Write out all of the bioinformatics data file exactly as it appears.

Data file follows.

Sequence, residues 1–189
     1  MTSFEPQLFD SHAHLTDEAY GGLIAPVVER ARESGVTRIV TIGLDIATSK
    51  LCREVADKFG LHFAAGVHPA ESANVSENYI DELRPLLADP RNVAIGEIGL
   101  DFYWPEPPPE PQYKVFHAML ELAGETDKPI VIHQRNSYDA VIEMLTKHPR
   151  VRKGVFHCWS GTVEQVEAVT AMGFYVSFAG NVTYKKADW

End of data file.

Sequence, residues 1–189
     1  MTSFEPQLFD SHAHLTDEAY GGLIAPVVER ARESGVTRIV TIGLDIATSK
    51  LCREVADKFG LHFAAGVHPA ESANVSENYI DELRPLLADP RNVAIGEIGL
   101  DFYWPEPPPE PQYKVFHAML ELAGETDKPI VIHQRNSYDA VIEMLTKHPR
   151  VRKGVFHCWS GTVEQVEAVT AMGFYVSFAG NVTYKKADW